There was also the issue of costs. Inflation had more than caught up with Disney’s operations. Walt Disney World opened in 1971, with its big expansion in EPCOT opening almost exactly a decade later. Tokyo Disneyland, the first venture internationally for theme parks, opened in 1983. Though these brought in revenue, it wasn’t enough to keep up with costs, as maintenance and expansion inside the park continued. Costs on the film side increased as well. 1985’s The Black Cauldron, a movie often blamed with nearly killing Disney Animation for good, was the most expensive animated movie ever made at that point. It barely made half of its eventual $44 million costs. Clearly, something needed to be done.
In 1977, Roy E. Disney, Walt’s nephew, left the Disney company, citing dissatisfaction at the leadership under Walker and Miller. By 1984, blood was in the water, and the corporate raiders were swarming like sharks. As a last ditch effort to avoid a hostile takeover, Roy led a boardroom coup that forced Miller’s resignation and led to the naming of Michael Eisner of Paramount and Frank Wells of Warner Brothers as chairman and president of the Walt Disney Company, the first time an outsider had been brought into the Disney bureaucracy at this high a level. With Eisner came his assistant, Jeffrey Katzenberg, who took over as head of the motion pictures division.
This, to me, is the turning point for Disney animation, the real change from the Dark Age into the new Golden Age. For all their flaws, and there are many, Eisner and Katzenberg brought just the right kind of new energy the studio needed to get back on track. Success came almost immediately, with The Great Mouse Detective (1986) and Oliver & Company (1988) grossing over $50 million each, though the former lost big at the box office to a different movie about a mouse done by ex-Disney animators, An American Tail.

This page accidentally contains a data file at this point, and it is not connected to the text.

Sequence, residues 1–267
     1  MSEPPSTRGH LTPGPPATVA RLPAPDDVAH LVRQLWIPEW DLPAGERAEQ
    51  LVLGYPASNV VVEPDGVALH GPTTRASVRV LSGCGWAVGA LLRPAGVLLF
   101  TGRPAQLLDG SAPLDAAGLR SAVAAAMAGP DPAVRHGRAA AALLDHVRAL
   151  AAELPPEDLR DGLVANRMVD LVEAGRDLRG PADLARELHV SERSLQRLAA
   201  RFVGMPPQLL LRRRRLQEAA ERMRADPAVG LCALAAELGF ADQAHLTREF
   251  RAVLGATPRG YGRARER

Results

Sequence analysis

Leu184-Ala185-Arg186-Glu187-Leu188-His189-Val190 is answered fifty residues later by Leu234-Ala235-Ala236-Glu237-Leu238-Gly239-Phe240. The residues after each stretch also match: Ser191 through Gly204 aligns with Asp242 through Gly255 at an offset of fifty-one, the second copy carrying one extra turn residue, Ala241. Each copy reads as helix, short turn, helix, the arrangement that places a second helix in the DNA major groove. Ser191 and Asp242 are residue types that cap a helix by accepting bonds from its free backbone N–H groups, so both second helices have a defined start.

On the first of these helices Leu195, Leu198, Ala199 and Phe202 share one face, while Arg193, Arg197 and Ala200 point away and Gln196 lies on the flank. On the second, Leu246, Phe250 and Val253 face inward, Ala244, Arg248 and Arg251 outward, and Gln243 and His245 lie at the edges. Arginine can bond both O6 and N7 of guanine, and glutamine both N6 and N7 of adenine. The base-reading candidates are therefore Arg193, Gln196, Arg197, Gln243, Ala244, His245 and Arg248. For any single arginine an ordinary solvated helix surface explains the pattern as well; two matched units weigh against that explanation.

This is where I’m going to stop the history section of this post as this story really gets going in the next part. Instead, we’ll clumsily transition into talking about the artistic elements of the movies released during the Dark Age.
The majority of the Dark Age films are the culmination of the classic Disney aesthetic from the Golden and Silver Ages. This is the era when the old guard who had been working since the beginnings of the company began to retire and were replaced by new upstarts who would become animation rockstars in the following years; people like Glen Keane, John Lasseter, John Musker & Ron Clements, Tim Burton, and Brad Bird to name a few. 1981’s The Fox and the Hound marks the end of this era, as it was the last film to feature animation from any of the Nine Old Men. It was also the last film to feature animation by Don Bluth, who left Disney with a number of animators during production. They went on to challenge Disney at the box office throughout the 80s with films like The Secret of NIMH (1982) and An American Tail (1986).